Before I was even allowed to learn to drive I had to know how to: change tires, change oil, and identify basic parts of the engine. Oh, and clock in 2,000 miles once I was learning to drive, before I could get a license. I had to parallel park. I had to spin circles in an icy parking lot to learn how to recover from a spin out on slick roads. I had to learn to read maps and navigate. I had to know how to pop a clutch (function of driving a 71 Beetle with a bad starter.....) and how to jump start a dead battery (love those old VW's)....

These are things anyone taking a heavy metal killing machine out on public roads at high speeds should know how to do.

If you don't? Fix that. It is important.

Sunday, 10 May 2015

Feeling the Wind

Today I stepped outside, in the sunshine, with a big basket of wet clothes for the line.

These daily chores are a mediation of loss. This is not my view. This is not my clothes line. Not my ducks.

Not my farm. Not my house. Not my life.

Yet here I am, like a ghost, still inhabiting this landscape.

Last month I posted about our divorce. That post got 2000 hits in 4 hours. More than anything else I have ever written.

Yes, my life is pretty open and public, but? I have written about way more important things, y'all. Disability advocating, motherhood, peach pie? This felt simultaneously like being hugged by our community and also feasted on by vultures. Not the best feeling.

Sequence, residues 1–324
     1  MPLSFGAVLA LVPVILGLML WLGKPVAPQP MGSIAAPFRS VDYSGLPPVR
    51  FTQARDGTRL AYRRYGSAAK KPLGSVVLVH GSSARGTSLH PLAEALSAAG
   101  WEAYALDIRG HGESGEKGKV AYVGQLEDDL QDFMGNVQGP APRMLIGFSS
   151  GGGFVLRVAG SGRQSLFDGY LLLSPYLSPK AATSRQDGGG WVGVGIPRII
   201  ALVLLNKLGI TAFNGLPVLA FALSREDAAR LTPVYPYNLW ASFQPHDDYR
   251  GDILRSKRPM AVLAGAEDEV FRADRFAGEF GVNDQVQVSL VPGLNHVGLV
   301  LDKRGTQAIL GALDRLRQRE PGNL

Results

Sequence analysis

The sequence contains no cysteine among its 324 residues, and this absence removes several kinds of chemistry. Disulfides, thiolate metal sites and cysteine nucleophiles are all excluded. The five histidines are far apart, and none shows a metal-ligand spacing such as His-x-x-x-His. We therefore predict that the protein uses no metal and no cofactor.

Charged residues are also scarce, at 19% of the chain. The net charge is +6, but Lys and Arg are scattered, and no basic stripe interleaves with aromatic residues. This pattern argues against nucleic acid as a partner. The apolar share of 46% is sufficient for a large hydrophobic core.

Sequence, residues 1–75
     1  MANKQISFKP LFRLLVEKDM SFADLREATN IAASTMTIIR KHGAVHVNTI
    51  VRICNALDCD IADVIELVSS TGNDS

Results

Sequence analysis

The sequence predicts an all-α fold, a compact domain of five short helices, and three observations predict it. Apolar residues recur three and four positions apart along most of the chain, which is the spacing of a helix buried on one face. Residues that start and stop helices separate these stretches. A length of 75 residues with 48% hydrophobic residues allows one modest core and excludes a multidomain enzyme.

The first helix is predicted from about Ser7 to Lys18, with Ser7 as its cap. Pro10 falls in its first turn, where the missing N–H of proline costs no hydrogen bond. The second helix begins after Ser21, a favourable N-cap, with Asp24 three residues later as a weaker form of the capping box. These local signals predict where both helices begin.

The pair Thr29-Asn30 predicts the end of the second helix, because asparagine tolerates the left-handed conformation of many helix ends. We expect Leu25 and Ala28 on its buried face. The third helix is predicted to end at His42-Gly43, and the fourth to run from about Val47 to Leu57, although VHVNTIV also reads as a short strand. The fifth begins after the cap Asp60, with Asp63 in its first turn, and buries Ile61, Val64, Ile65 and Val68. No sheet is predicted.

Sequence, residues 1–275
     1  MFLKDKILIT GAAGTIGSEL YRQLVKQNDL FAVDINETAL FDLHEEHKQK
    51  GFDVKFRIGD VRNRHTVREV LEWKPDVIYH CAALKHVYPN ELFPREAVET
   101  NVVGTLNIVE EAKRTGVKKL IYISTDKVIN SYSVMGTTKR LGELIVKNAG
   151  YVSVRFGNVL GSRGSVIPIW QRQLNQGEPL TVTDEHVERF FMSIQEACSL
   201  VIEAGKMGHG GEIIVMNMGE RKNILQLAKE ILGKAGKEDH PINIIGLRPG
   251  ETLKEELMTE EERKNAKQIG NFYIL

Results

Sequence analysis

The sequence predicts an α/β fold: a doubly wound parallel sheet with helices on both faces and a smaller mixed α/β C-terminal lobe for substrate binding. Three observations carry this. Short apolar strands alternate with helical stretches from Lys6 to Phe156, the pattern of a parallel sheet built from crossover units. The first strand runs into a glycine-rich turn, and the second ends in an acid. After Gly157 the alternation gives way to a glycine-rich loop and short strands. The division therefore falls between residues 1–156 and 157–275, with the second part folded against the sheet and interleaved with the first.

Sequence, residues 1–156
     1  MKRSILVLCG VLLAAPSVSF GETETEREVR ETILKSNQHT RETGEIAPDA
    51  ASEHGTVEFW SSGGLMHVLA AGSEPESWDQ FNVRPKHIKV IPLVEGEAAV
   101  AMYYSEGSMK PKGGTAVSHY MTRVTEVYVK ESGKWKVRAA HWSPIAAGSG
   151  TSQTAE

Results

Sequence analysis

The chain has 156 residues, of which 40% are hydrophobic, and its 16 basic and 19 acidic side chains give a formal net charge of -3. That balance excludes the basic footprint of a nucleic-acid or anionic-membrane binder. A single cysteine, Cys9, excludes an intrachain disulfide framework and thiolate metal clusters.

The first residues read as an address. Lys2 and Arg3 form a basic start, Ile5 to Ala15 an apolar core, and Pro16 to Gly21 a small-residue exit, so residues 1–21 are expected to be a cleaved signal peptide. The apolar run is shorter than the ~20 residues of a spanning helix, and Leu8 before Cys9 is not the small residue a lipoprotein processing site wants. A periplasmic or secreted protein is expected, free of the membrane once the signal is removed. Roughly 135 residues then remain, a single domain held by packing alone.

And then the hateful messages started rolling in. Not to Chad, just to me.

Accusations that I am choosing art over my family. Choosing poetry and photography and travel over my marriage.

I never said that. Not ever.

I never once said why we are divorcing, nor will I. It is a private matter and will stay one. It is not up for public critique. It is not a decision we made lightly or in the heat of an argument. It is hard and scary and one of the hardest things I have ever done.

I am not abandoning my family, in fact, I will spend more time with the kids than before and quality time. Chad and I will still be friends and I will actively be involved in the farm for a while at least. We are still a family, just not to be married to each other.

Still, in the stillness of the farm day the loss hits me. I look around at all the budding trees. Not mine. The mulberry fruit setting. Not mine. The newly planted trees, finally, and not mine.

None of this was ever really mine anyway. Legal issues and family arrangements kept me from being a legal owner in any of it. I was expected to labour for the farm under a promise that someday it would, that we could buy it. Now? Now I leave with nothing but my spice recipes and a lot of experience, perhaps the bonus of a determination not to be undersold and invisible when I start my own farm venture.

And I will. For now, I am a landless farmer, but I carry the knowledge and the blood on my hands from Spring lambing, the milk stains from staying up all night feeding a kitchen pig, the terror of crisis management after a predator attack and sewing up open wounds, warding off fly strike, the mindset required to tend bees, and the breath of the earth deep in my lungs.

These things are not negotiable. They are mine.